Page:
Potentiometry is a method used in electroanalytical chemistry, usually to find the concentration of a solute in solution. In potentiometric measurements, the potential between two electrodes is measured using a high impedance voltmeter.

Use of a high impedance voltmeter ensures that current flow is negligible.

Since there is no net current, there are no net electrochemical reactions, hence the system is in equilibrium.

At its most basic, a potentiometer consists of two electrodes, whose reduction potentials differ, inserted in a test solution. The voltmeter is attached to the electrodes to measure the potential difference between them.

One of the electrodes is a **reference electrode**, whose electrode potential is known.

The other electrode is the **test electrode**.

The test electrode is usually either a metal immersed in a solution of its own ions, whose concentration you wish to discover, or a carbon rod electrode sitting a solution which contains the ions of interest in two different oxidation states.

The Nernst Equation can then be used to find the concentration of the test solution.

The Nernst equation

Example

You wish to find the concentration of Ag^{+} in a silver nitrate solution.
Your reference electrode consists of silver metal in a known 0.1 M silver nitrate solution.
Your test electrode is silver metal in the silver nitrate solution you wish to find the concentration of.

Since no current flows, the cell is at equilibrium:

Ag^{+} Ag

The solutions are linked by a 0.1 M potassium nitrate salt bridge. The metal electrodes are linked by a voltmeter.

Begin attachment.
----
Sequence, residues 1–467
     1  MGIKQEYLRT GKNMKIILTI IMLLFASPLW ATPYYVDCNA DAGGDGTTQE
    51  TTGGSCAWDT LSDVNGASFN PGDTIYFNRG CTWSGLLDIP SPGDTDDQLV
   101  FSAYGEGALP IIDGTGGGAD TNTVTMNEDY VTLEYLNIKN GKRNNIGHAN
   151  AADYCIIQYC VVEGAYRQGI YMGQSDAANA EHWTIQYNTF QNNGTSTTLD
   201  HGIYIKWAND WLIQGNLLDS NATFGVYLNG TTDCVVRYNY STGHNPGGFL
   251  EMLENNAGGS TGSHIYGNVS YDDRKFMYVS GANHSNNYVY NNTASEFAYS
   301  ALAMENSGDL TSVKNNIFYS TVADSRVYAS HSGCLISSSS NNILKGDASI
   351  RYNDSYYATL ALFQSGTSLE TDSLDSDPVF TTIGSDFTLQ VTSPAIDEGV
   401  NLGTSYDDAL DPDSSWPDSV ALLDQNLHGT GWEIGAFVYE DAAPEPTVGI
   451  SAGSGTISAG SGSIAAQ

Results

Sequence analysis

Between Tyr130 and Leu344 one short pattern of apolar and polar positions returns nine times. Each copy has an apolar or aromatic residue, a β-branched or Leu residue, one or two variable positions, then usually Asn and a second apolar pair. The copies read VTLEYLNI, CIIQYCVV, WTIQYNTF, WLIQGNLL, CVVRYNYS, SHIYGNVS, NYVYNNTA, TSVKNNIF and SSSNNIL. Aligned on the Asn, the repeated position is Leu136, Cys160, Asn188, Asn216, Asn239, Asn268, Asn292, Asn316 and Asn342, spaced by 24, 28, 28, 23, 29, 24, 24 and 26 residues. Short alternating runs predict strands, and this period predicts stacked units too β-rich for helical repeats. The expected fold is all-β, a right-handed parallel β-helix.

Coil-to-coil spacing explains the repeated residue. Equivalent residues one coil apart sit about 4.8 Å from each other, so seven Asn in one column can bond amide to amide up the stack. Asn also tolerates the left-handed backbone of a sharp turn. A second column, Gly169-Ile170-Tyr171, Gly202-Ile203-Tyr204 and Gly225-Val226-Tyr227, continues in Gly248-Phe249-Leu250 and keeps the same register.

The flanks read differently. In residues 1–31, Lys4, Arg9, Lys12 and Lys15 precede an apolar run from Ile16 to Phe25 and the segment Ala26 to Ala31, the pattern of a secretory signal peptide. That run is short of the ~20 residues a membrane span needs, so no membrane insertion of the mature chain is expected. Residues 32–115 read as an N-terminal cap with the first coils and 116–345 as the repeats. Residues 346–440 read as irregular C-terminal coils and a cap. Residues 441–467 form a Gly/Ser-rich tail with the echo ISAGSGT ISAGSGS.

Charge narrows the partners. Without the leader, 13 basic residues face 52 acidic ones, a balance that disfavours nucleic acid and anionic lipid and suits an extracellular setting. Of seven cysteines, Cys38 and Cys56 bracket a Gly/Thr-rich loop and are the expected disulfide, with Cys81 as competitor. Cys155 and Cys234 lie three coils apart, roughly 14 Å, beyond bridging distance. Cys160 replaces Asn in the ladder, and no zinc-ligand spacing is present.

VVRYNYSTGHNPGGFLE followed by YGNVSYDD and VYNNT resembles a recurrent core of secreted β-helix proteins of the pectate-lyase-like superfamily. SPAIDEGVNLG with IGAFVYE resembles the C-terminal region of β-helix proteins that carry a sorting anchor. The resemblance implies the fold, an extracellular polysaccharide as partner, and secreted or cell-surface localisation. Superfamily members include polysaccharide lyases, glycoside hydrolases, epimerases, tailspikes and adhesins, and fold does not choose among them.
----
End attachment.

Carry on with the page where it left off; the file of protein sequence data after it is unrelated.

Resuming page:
There will be a potential difference between the two solutions resulting from the different concentrations of silver ions in contact with the silver electrodes. (For example, see J. Chem. Educ., 1995, 72 (8), p A162)

The potential you measure on the voltmeter, E_{cell} is related to the reference electrode potential and test electrode potential as follows:

E_{cell} = E_{reference} - E_{test} (Equation 1)

Now, E_{reference} and E_{test} can both be expanded using the Nernst Equation:

E_{reference} = E°_{Ag/Ag+} - RTlnK_{eq}/nF

Therefore, at a temperature of 298 K:

E_{reference} = E°_{Ag/Ag+} - 0.059log_{10}(1/[Ag^{+}_{reference}]) (Equation 2)

Similarly:

E_{test} = E°_{Ag/Ag+} - 0.059log_{10}(1/[Ag^{+}_{test}]) (Equation 3)

Now we can substitute Equation 2 and Equation 3 into Equation 1. We can also assume [Ag^{+}_{reference}] is a constant. So, after rearranging, we get:

[Ag^{+}_{test}] = 10^{-[(Ecell + 0.059)/0.059]} (Equation 4)

The potential reading from the voltmeter is E_{cell}. All you need to do now is to enter your reading from the voltmeter into Equation 4 and calculate the concentration of silver ions in the test solution.

**More**

Physical phenomena which do not involve explicit redox reactions, but whose initial conditions have a non-zero free energy, also will generate a potential.

An example of this would be ion concentration gradients across a semi-permeable membrane.

This can also be a potentiometric phenomena, and is the basis of measurements that use ion-selective electrodes.

Instrumentation

See the documents on ion-selective electrodes and pH meters.

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